Also, joining us is Shawn Jensen, a senior manager in the Relationship Management team at Schwab Charitable. Shawn brings years of experience in both the banking and non-profit sector. Prior to joining Schwab Charitable, Shawn played an integral role at the non-profit, Altasea at the Port of Los Angeles, contributing to a large capital campaign for a marine research program and developing strategic partnerships. Shawn also secured funding for education programs and worked with other non-profit organizations to reach thousands of middle school students in Los Angeles County. Shawn received his BS in International Business from San Diego State University, with emphasis in finance and Spanish.
Stasia, Shawn, thank you both for joining me today as we explore ways that donors can integrate charitable planning and giving into their overall financial strategy. Let's get started.
Stasia, let me start with you. In your experience over the years, how do you start the process with donors of thinking about and creating a strategic plan for charitable giving?
STASIA WASHINGTON: Michael, thank you for the opportunity to participate, and I especially want to give a thank you to Schwab Charitable for the invitation, as well as Stanford Social Innovation Review.
The conversation about charitable giving in our client engagements begins in the initial time that we are getting to know each other. We believe that an understanding around charitable inclinations is essential for us to be able to look at both sides of a family's balance sheet. Of course, there's the overall aspect of our role as financial advisors, but understanding philanthropy and how it intersects with a family's goals and objectives, as well as understanding how… their journey to success, and you'll find that there's a lot of commonalities there. We ask those questions at the beginning of our relationship, given the fact that philanthropic consulting is an essential aspect of the work we do as a firm. We're one of the few institutions that has a full-service philanthropic consulting practice within our wealth management offering, so we ask those questions up front.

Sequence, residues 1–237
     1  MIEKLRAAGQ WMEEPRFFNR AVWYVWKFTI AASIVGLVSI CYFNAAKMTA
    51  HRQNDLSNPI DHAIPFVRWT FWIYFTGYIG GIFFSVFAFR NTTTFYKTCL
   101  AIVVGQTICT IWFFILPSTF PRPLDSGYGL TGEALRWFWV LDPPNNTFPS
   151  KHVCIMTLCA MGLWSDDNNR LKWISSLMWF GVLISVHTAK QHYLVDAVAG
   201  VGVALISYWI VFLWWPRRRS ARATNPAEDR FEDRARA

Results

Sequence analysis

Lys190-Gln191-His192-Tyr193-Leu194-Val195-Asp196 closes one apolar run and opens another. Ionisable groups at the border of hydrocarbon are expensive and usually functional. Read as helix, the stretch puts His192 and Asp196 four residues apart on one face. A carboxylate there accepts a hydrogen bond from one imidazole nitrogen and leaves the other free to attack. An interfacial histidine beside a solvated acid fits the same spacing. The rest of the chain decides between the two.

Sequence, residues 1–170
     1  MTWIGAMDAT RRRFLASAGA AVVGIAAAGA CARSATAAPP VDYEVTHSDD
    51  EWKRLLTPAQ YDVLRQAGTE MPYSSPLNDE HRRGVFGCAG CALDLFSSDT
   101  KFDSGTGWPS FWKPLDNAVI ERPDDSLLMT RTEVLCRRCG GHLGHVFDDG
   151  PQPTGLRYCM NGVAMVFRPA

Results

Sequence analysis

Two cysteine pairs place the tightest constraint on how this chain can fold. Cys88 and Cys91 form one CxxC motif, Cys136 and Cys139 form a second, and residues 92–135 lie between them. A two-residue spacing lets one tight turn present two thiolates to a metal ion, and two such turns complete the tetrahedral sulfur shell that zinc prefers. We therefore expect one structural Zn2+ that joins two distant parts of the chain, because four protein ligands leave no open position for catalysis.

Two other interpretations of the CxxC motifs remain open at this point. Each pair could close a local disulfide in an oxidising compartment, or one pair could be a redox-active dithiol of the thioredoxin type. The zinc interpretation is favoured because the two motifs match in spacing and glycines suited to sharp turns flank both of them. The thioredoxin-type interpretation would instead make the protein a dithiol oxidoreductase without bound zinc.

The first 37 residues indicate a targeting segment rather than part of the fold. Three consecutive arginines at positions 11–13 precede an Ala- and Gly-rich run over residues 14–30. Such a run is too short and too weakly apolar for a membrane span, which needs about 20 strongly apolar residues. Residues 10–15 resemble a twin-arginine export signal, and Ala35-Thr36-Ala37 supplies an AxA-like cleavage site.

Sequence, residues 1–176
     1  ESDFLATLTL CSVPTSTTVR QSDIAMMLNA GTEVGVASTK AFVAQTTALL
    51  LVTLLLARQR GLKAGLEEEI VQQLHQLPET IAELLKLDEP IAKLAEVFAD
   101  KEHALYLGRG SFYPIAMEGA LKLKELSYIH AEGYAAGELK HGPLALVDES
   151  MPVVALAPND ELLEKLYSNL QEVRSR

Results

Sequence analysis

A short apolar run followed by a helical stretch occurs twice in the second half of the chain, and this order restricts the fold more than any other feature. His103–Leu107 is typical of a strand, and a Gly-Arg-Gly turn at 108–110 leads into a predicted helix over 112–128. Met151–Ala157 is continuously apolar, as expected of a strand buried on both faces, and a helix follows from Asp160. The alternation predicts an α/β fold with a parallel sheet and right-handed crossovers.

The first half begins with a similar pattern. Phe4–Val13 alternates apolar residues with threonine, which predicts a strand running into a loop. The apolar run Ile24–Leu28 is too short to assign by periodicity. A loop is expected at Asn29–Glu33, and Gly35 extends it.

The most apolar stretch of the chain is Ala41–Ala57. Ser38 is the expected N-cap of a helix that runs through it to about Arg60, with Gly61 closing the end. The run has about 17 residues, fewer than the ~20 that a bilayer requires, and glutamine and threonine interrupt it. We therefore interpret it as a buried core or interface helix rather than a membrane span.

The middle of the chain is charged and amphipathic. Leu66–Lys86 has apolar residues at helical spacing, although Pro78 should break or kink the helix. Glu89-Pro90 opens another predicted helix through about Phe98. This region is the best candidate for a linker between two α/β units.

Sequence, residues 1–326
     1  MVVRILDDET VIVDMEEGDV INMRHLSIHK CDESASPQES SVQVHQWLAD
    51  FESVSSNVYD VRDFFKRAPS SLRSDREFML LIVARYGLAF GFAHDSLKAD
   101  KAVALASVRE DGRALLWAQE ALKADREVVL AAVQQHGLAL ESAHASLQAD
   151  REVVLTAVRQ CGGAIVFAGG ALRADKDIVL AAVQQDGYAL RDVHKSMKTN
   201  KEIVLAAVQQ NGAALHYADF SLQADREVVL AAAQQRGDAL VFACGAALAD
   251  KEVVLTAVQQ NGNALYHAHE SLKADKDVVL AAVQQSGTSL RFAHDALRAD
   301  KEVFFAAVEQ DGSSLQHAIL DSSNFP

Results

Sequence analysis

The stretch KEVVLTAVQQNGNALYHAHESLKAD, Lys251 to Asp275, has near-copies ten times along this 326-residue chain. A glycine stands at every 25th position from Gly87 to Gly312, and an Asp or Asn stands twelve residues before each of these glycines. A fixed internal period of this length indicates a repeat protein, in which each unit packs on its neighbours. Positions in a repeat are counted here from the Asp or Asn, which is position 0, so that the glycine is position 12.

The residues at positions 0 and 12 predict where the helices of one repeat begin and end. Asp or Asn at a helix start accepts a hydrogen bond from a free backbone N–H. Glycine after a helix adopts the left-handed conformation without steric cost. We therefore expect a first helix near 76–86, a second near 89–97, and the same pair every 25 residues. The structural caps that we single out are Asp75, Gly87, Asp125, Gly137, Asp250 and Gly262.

MICHAEL: And building upon that, Shawn, let me ask you. You know, Stasia talked about the importance of having these conversations early. When donors are looking at integrating their charitable giving into their overall financial strategy, what are some considerations that they should keep in mind if they are trying to maximize the impact of those charitable dollars?
SHAWN JENSEN: Thanks for that question, Michael. You know, Stasia laid out a lot of the key components, which is having these conversations with the financial advisor and having families really lay out to their financial advisor what their goals and objectives are when it comes to philanthropy. One key component of that is who is going to be involved from the family in this philanthropic journey. Equally important is the assets they are going to be using to fund their philanthropy, what timing they may want to consider from a tax perspective, so they get the biggest tax benefit, but are also able to give to charities in the time that is going to be most meaningful to them and to the charities they're supporting. There's various giving vehicles that exist that clients can take advantage of, and financial advisors can help them select the proper giving vehicle to, ultimately, help them get to their financial and philanthropic goals at the same time.